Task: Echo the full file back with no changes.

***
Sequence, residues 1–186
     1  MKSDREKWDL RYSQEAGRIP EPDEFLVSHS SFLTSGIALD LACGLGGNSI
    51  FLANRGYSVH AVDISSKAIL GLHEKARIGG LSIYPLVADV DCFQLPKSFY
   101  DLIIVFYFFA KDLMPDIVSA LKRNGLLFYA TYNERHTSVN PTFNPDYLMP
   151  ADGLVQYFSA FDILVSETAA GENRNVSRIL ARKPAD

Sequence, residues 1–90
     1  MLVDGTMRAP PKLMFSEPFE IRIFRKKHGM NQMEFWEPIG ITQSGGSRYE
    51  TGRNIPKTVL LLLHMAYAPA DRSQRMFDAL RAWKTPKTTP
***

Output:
Sequence, residues 1–186
     1  MKSDREKWDL RYSQEAGRIP EPDEFLVSHS SFLTSGIALD LACGLGGNSI
    51  FLANRGYSVH AVDISSKAIL GLHEKARIGG LSIYPLVADV DCFQLPKSFY
   101  DLIIVFYFFA KDLMPDIVSA LKRNGLLFYA TYNERHTSVN PTFNPDYLMP
   151  ADGLVQYFSA FDILVSETAA GENRNVSRIL ARKPAD

Sequence, residues 1–90
     1  MLVDGTMRAP PKLMFSEPFE IRIFRKKHGM NQMEFWEPIG ITQSGGSRYE
    51  TGRNIPKTVL LLLHMAYAPA DRSQRMFDAL RAWKTPKTTP